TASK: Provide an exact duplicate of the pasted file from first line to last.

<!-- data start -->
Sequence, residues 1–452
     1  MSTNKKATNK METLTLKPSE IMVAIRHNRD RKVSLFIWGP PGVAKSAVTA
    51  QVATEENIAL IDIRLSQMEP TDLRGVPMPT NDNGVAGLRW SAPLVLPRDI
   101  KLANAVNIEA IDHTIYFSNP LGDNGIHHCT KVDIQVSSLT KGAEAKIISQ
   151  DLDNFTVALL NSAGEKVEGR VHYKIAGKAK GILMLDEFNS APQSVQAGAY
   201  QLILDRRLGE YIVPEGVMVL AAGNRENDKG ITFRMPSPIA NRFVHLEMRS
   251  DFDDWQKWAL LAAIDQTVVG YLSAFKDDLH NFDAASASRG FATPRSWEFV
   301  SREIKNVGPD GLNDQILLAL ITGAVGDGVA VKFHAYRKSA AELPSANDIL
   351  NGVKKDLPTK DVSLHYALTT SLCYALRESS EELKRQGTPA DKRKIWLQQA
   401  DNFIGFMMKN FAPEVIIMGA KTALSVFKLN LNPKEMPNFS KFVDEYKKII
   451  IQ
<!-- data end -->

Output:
Sequence, residues 1–452
     1  MSTNKKATNK METLTLKPSE IMVAIRHNRD RKVSLFIWGP PGVAKSAVTA
    51  QVATEENIAL IDIRLSQMEP TDLRGVPMPT NDNGVAGLRW SAPLVLPRDI
   101  KLANAVNIEA IDHTIYFSNP LGDNGIHHCT KVDIQVSSLT KGAEAKIISQ
   151  DLDNFTVALL NSAGEKVEGR VHYKIAGKAK GILMLDEFNS APQSVQAGAY
   201  QLILDRRLGE YIVPEGVMVL AAGNRENDKG ITFRMPSPIA NRFVHLEMRS
   251  DFDDWQKWAL LAAIDQTVVG YLSAFKDDLH NFDAASASRG FATPRSWEFV
   301  SREIKNVGPD GLNDQILLAL ITGAVGDGVA VKFHAYRKSA AELPSANDIL
   351  NGVKKDLPTK DVSLHYALTT SLCYALRESS EELKRQGTPA DKRKIWLQQA
   401  DNFIGFMMKN FAPEVIIMGA KTALSVFKLN LNPKEMPNFS KFVDEYKKII
   451  IQ